Rates for 30-year, fixed-rate mortgages slid from 3.43 percent with an average 0.8 point to 3.41 percent with an average of 0.7 point, Freddie Mac said.
Rates for 15-year contracts dropped from 2.65 percent to 2.64 percent with an average 0.7 point.
One point is equal to 1 percent of the amount of the loan and is typically paid up front. It includes a corresponding discount on the loan's long-term interest rates.
Interest rates for five-year adjustable rate mortgages fell to 2.60 percent with an average of 0.5 points from 2.62 percent.
One-year adjustable rate mortgages using 10-year bonds as a benchmark averaged 2.63 percent with 0.4 point in the week, up from 2.62 percent in the previous week.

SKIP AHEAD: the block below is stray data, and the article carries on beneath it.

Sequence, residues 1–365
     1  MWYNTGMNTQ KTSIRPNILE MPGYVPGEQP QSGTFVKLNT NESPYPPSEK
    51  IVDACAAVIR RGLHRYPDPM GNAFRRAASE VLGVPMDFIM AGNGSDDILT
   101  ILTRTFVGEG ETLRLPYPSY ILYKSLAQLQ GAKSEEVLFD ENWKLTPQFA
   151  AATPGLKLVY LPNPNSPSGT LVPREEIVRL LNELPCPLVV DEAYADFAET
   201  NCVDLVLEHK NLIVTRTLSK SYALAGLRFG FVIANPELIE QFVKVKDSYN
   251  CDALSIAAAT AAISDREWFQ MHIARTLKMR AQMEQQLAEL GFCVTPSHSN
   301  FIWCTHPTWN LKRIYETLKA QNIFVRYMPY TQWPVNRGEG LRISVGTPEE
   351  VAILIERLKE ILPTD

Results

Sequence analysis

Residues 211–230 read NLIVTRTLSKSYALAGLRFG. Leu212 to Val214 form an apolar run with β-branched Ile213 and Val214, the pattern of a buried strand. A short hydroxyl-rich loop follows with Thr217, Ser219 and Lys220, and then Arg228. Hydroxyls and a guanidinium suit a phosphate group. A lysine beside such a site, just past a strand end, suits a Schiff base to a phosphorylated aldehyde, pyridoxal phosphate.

"Mortgage rates nudged lower this week as consumer spending showed signs of weakness. Retail sales contracted for the second time in three months, falling 0.4 percent in March. In addition, the University of Michigan reported their Consumer Sentiment Index dropped 6.3 points in April to settle at 72.3, its lowest level since July," said Freddie Mac Vice President and Chief Economist Frank Nothaft in a statement.
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